A Prophesy

By Peter Ackroyd

Doubleday. 173 pp. $21.95

Peter Ackroyd is best known in this country as a biographer, semi-notorious for his gargantuan, 1,200-page life of Charles Dickens and widely acclaimed for a superb recent one of William Blake. Either of these, not to mention similarly accomplished studies of T.S. Eliot and Thomas More, might have taken most scholars -- even a leisured academic with an endowed chair and a light teaching load -- half a lifetime to produce. But Ackroyd, who from his dust jacket photo looks to be in his early fifties, has also managed to write 10 novels, as well as a volume of poetry and another of criticism. Currently, he is at work on a "biography" of London, the rumbustious city that haunts his imagination and serves as the backdrop for much of his work, most outstandingly his sophisticated thrillers Hawksmoor and The Trial of Elizabeth Cree (aka Dan Leno and the Limehouse Golem). Clearly he knows Britain's capital in all her transformations, from the late Renaissance . . . to the far future.

The very far future, in fact. For The Plato Papers is set in the year A.D. 3700, and deftly manages to meld several genres -- future history, philosophical dialogue, science fiction, admonitory parable, satire -- into one compact, visionary "prophesy." At the heart of the novel lies a familiar sf trope: A future civilization has largely forgotten or utterly misconstrued its own past. Here, as in the locus classicus, Stephen Vincent Benet's "By the Waters of Babylon," some sort of global holocaust has taken place, the survivors have turned against science and technology, and eventually a new culture has arisen. In Ackroyd's vision the tall, willowy Londoners of the 38th century appear to dwell in a sort of Platonic utopia, filled with light, watched over by "angels." His Socrates-like Plato is an orator, who continually speculates about the meaning of the few surviving artifacts from 20th-century London -- a period referred to as the age of Mouldwarp -- and then declaims his conclusions to the populace. He logically deduces, for instance, that an "organ grinder" was some kind of butcher and that On the Origin of Species must have been a comic masterpiece by Charles Dickens.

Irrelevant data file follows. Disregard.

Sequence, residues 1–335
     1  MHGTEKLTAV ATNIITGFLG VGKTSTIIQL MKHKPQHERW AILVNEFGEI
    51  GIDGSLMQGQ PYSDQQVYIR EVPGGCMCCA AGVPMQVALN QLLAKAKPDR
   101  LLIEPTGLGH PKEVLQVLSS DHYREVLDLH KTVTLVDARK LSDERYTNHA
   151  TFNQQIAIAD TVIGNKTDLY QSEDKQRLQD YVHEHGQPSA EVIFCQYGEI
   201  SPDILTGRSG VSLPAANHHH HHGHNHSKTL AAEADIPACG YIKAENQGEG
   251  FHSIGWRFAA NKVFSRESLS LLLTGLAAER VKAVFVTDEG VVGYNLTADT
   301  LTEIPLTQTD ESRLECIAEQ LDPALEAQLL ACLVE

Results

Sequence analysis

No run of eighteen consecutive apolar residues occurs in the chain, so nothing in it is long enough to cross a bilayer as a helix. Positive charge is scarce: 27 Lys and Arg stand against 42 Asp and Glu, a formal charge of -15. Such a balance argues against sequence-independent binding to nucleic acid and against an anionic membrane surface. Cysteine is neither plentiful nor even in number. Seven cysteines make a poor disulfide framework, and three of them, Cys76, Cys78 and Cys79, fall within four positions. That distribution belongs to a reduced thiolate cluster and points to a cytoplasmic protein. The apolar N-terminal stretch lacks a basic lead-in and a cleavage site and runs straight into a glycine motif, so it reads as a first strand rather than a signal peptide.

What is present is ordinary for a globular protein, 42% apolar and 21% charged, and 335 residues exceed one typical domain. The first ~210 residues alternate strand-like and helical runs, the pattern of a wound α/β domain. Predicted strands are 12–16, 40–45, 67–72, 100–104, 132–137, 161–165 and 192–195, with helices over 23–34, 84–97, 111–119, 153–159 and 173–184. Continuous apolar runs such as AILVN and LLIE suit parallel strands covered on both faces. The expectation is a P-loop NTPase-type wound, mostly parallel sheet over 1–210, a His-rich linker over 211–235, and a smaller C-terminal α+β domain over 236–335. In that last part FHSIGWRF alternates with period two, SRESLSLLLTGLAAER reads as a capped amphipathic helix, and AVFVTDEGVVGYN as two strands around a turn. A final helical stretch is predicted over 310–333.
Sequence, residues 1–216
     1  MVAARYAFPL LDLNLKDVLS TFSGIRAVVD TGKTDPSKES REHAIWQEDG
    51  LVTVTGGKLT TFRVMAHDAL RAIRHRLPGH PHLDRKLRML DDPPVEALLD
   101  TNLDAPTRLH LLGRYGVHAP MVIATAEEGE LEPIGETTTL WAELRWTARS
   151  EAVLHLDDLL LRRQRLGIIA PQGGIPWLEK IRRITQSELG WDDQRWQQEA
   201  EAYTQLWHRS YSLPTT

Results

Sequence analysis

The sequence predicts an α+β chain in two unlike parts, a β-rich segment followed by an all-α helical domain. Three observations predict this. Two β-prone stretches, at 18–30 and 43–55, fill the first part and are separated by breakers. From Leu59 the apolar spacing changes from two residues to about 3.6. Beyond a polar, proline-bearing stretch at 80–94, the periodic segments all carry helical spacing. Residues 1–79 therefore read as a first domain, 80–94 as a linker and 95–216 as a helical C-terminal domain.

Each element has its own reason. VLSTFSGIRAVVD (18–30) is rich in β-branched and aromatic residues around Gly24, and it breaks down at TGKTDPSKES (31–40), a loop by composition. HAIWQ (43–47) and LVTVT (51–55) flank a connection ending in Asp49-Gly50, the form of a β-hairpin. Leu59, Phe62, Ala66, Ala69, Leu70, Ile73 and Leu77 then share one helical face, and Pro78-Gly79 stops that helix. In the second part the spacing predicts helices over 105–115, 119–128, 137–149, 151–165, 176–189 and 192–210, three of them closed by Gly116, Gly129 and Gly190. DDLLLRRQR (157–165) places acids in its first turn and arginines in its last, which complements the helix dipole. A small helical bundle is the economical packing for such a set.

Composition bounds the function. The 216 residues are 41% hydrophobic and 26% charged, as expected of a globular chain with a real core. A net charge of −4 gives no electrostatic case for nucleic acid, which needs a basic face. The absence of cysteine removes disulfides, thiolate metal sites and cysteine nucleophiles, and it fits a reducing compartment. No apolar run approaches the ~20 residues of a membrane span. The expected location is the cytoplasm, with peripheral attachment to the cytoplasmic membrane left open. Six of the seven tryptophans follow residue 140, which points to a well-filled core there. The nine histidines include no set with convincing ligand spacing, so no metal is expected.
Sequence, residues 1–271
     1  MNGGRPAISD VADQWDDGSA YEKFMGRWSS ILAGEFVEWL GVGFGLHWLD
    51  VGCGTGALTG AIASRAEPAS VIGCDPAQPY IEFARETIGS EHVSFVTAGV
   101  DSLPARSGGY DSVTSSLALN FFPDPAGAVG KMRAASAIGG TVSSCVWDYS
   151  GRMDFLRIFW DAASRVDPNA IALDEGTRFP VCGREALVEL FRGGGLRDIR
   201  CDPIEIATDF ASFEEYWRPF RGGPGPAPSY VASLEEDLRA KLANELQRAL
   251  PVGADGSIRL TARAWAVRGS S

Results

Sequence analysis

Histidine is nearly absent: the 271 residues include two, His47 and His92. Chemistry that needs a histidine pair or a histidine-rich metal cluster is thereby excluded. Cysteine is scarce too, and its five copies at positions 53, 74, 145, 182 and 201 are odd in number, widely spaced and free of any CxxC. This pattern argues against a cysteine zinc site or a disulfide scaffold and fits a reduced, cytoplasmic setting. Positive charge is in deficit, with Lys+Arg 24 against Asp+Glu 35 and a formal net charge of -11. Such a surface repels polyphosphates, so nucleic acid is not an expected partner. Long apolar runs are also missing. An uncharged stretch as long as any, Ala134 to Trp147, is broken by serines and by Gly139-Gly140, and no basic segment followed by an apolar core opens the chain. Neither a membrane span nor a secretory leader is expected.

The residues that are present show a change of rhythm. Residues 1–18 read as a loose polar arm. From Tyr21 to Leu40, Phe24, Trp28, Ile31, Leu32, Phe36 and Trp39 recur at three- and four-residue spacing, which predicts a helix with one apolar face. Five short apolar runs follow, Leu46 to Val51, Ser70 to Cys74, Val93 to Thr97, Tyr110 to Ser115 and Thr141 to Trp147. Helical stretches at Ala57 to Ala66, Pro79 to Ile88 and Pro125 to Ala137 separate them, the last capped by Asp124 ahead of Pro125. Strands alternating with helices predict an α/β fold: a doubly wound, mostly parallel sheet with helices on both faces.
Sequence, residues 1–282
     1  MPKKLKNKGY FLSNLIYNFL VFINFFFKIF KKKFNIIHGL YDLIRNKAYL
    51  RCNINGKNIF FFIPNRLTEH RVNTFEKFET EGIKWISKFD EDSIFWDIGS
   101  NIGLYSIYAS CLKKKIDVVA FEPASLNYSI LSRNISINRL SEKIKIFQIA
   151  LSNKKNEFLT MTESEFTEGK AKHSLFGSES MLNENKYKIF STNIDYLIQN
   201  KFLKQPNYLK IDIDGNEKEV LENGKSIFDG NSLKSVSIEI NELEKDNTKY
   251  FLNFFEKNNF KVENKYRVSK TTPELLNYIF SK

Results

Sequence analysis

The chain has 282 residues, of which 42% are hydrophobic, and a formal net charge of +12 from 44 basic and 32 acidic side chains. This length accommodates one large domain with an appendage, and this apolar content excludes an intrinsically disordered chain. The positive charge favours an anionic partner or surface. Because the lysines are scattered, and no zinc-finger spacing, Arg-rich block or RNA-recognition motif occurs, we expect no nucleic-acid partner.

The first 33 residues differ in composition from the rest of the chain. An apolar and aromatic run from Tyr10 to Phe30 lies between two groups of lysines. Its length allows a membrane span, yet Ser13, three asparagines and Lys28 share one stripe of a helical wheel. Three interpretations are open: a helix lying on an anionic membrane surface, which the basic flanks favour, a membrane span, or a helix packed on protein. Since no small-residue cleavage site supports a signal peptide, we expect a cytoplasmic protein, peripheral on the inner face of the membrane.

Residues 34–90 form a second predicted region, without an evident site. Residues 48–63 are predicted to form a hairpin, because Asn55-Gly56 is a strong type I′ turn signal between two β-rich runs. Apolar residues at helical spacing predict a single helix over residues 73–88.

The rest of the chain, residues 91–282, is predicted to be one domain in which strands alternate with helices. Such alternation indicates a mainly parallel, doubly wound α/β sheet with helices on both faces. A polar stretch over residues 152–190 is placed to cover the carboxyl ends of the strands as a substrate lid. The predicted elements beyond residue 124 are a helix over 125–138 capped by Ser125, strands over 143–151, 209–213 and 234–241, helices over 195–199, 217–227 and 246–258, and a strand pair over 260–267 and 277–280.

Throughout, even obvious sources of satire are treated imaginatively. Telepathy, we learn from Plato, was "the suffering caused by `television.' It seems likely that television enlarged the organs of vision beyond their natural range and as a result caused mental distress. Efforts were continually being made to increase human perception by artificial means, without any understanding that . . . the greater the enlargement, in fact, the more obvious the constriction. The practitioners of television received magnified images of their own shrunken sight and lived in perpetual sorrow."

At other times Ackroyd can be more purely comic. With his usual (misplaced) confidence, Plato assumes that Edgar Allan Poe's fiction describes our current American empire "with great precision." "Its inhabitants dwelled in very large and very old houses which, perhaps because of climatic conditions, were often covered with lichen or ivy. . . ." These houses "included innumerable staircases and cellars; the passages were lit by candelabra, although it was customary for the owner of the house to carry a flaming torch when walking upstairs. . . The greatest fear of the Americans, however, seems to have been that of premature burial."